Disaster recovery (DR) is a subset of business continuity (BC). It focuses on recovering IT systems, as quickly as possible, in the event of a disaster; ensuring shorter recovery time objectives (RTOs) and recovery point objectives (RPOs).

Disaster recovery includes planning and documenting data recovery procedures, testing recovery processes, and regularly making sure critical backups, snapshots, and replicas are completed without error and available for recovery when needed.

While disaster recovery focuses on restore critical IT operations, business continuity goes a step further by addressing how to continue business operations while recovering from a disaster. For example, in the event of a ransomware attack, how to continue operations while the IT systems recover? How to protect unaffected systems from the ransomware? Who to inform? How to contact affected customers and employees?

The goal of business continuity and disaster recovery is to make sure that business operations continue with minimum downtime during and after a disaster. The difference is that business continuity is a proactive approach and is focused on making sure that day-to-day business operations are not disrupted. While disaster recovery is reactive, and focused on restore IT infrastructures to prevent data loss.

Building a Business Continuity and Disaster Recovery (BCDR) Plan

For simplicity, let’s look at the two components for a BCDR plan separately:

A business continuity plan contains management procedures, vital contact information, and a walkthrough of what the IT and management needs to do – making sure that there’s no room for guesswork during a disaster.

On the other hand, disaster recovery plan includes detailed responsibilities of the DR team, planning and testing disaster recovery solutions, goals of the plan, detailed guidelines of how to execute the plan, incident response operating procedures, steps to recover the data, detailed guidelines on using the backup and DR solution(s), and authentication procedures.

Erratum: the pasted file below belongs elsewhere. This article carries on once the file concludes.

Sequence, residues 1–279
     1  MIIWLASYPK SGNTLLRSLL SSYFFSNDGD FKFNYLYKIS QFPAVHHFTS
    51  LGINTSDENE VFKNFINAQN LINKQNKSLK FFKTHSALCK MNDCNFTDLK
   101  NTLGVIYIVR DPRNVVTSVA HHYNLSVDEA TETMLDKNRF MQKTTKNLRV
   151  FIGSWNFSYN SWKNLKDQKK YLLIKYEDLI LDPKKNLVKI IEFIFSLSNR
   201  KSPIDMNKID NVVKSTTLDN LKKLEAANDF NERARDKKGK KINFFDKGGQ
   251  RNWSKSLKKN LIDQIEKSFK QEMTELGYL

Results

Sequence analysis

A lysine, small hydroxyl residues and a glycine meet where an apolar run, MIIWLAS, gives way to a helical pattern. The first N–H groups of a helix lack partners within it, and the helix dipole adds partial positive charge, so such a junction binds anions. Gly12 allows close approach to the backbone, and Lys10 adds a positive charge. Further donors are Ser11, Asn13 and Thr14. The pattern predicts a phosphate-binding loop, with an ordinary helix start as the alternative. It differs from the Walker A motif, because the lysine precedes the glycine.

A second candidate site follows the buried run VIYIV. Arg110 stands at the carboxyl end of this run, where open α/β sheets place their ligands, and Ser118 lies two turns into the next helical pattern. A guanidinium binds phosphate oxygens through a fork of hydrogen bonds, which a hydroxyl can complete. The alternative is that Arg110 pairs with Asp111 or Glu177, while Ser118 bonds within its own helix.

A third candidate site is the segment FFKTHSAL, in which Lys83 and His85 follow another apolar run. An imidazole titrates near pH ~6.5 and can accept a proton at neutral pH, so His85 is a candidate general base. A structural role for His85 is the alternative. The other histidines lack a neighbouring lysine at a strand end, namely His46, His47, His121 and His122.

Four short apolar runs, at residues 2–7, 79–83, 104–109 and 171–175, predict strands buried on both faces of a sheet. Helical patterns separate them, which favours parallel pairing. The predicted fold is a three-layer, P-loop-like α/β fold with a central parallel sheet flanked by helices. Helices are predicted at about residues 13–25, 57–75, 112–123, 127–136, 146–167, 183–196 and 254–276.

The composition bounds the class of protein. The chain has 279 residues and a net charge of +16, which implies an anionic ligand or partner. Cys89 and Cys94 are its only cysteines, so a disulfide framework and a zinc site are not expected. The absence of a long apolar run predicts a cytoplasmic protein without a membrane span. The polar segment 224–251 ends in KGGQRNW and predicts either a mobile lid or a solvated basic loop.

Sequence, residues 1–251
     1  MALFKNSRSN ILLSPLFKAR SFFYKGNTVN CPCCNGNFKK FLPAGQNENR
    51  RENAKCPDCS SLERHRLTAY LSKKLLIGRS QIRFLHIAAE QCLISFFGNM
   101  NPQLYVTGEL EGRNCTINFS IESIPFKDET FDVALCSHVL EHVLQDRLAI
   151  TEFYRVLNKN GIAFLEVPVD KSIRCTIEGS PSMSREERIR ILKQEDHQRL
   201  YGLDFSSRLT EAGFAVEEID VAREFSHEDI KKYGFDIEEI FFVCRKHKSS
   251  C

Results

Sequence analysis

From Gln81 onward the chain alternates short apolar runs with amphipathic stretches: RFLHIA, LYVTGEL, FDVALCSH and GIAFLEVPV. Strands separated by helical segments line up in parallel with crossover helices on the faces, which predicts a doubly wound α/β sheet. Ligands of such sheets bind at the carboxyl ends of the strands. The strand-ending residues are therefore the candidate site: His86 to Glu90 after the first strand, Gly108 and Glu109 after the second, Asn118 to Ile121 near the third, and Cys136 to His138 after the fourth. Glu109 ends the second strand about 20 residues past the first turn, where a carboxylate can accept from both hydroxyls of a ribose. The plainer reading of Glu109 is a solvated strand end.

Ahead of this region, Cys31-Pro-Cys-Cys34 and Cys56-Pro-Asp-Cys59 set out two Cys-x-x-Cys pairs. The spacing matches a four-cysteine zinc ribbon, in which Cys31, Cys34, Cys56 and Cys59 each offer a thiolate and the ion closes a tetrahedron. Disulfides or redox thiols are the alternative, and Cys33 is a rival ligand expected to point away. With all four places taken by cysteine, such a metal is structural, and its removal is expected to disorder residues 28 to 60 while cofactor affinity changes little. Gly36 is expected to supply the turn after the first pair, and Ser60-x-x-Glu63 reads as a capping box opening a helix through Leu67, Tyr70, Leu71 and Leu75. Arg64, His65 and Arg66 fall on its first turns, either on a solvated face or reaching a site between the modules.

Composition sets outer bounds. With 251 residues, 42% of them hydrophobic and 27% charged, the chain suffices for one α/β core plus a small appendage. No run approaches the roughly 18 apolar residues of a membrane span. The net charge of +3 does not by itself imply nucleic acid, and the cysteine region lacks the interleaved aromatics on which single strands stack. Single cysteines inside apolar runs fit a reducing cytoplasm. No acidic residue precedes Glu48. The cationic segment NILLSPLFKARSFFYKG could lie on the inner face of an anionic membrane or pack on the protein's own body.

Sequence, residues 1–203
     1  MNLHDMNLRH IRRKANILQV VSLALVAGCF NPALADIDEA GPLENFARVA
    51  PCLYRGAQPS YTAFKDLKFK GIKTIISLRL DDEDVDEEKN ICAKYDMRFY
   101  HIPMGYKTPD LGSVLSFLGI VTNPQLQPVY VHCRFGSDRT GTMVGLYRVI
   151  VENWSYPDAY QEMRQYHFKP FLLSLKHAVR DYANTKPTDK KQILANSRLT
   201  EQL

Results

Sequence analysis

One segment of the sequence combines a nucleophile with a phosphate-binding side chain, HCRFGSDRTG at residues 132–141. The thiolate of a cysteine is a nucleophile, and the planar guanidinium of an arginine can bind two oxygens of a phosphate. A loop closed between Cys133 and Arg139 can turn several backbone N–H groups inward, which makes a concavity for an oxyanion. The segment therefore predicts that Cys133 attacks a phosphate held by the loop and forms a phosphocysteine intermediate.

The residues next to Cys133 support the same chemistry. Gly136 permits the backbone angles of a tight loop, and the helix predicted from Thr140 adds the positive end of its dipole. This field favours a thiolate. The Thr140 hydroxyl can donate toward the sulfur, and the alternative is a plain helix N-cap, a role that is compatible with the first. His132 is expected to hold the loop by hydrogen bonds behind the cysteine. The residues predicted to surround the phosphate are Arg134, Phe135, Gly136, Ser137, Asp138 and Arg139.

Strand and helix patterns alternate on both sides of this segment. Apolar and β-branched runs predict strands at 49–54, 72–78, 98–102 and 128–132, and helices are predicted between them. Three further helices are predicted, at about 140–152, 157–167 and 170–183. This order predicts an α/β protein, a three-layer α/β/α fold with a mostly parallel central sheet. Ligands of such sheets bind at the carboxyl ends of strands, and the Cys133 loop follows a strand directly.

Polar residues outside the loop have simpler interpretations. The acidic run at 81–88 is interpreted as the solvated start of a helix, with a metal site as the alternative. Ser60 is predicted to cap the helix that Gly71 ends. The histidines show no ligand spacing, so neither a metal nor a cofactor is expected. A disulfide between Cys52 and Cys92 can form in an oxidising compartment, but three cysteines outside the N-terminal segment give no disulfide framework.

A good BCDR plan is clear, well-documented and provides a well-defined set of actionable steps to enforce business continuity and recovery procedures. Your BCDR plan should outline the steps needed to keep your company running in the event of a disaster while also minimizing the risk of downtime and data loss.

Here’s what you need to do to device a reliable BCDR plan:

  • Identify mission-critical systems and data.
  • Prioritize hot-tier workloads and infrastructure.
  • Calculate RPOs and RTOs.
  • Create a DR plan template
  • Purchase and configure DR solutions
  • Regularly test DR – Ensure RTPOs are as required
  • Test and update the BCDR plan regularly

Creating a BCDR policy is one of the initial steps in building a BCDR plan. This policy defines the foundations of the processes needed to establish a vital set of metrics like key risk indicators and performance indicators.

How to set up business continuity and disaster recovery

There are a number of ways to set up a BCDR plan, including:

  • Outsourcing BCDR to third-party firms who use their own tools to help plan, create, test, and execute BCDR for your organization
  • Hiring managed services to help your in-house IT team with BCDR planning and execution
  • Outsourcing business continuity and using on-prem and/or cloud-based disaster recovery solutions
  • Planning business continuity in-house and using on-prem and/or cloud-based disaster recovery solutions
  • Outsourcing BC planning or planning it in-house with disaster recovery as a service (DRaaS).